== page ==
Housing is one-third of all U.S. wealth, totaling $19.4 trillion in the second quarter of 2008, according to the Federal Reserve. Almost all of the mortgage debt on those assets will be paid. Only a subset of homes funded recently with low down payments at unsustainable prices are at risk. All of you who rent -- a respectable American tradition -- can look forward to buying more cheaply in the future. Take your time.
The housing disaster-in-motion was widely reported, complete with warnings, before the crash. But every word fell on deaf ears, because bubbles are never about reason, cool calculation and courageous politicians willing to risk defeat.
By 2005 Alan Greenspan and others were warning that Fannie Mae and Freddie Mac had become seriously undercapitalized and had persistently over-accumulated high risk mortgage paper. That paper was created by an industry reluctant to hold its own brainchild, but which responded to home buyers chasing an appreciating capital asset driven by their own ebullient expectations.
Moreover all parties have long believed that the obligations of Fan and Fred were backed by the Treasury's deep pockets -- that's you and me who pay taxes.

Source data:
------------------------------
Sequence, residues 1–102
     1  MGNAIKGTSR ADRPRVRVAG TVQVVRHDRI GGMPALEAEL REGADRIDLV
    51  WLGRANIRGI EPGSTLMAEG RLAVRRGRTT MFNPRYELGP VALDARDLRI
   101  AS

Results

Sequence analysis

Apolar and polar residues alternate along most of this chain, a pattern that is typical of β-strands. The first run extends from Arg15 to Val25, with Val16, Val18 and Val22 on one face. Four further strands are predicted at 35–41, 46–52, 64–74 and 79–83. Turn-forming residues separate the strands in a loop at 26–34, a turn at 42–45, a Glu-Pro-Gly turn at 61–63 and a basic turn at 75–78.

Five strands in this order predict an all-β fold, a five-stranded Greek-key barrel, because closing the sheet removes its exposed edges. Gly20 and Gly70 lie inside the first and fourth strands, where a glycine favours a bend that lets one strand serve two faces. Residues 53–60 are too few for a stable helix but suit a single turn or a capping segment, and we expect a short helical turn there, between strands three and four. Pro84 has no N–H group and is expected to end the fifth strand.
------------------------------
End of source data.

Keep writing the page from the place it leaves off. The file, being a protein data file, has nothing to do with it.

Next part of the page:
We need to minimize systemic and taxpayer risk. Fortunately the two are entwined. Serve the needs of the former and you protect the taxpayer.
Why is this crash a classic?
- A "liquidity crisis." In every market, there is ultimately only one source of liquidity: buyers. And this is what central bankers hope to see return when they speak euphemistically of "restoring confidence."
All other sources of liquidity are stop gaps, bridges, band aids, and now a duct-tape bailout. Every seller in dire need of a buyer is in a liquidity crisis, even if he is a gainfully employed homeowner whose job security requires a move, or a fundamentally solvent bank, holding secured mortgage paper, but in need of immediate cash. Both now find that yesterday's buyers are in hiding.
A sale is always an "expectations equilibrium" -- a buyer only accepts a seller's instrument (agrees to a sale) if she believes that others will also accept it. Disequilibrium bubble-crash principles have been intensively studied in laboratory environments for over two decades (see Jerry Bishop's article in The Wall Street Journal on my work in this field "Stock Market Experiment Suggests Inevitability of Booms and Busts," Nov. 17, 1987).
- During a bubble buyers are everywhere. Then, suddenly, they disappear, waiting, watching, delaying, reluctant to buy assets that others might not. That buyers will disappear in a bubble is predictable, what is never predictable is the timing. In his 1933 inaugural address, President Franklin Roosevelt said "the only thing we have to fear is fear itself." Yes, but the return of fearful buyers is just as unpredictable as the timing of their disappearance. And only the most arrogant will pretend to know what public policies will restore buyer "confidence."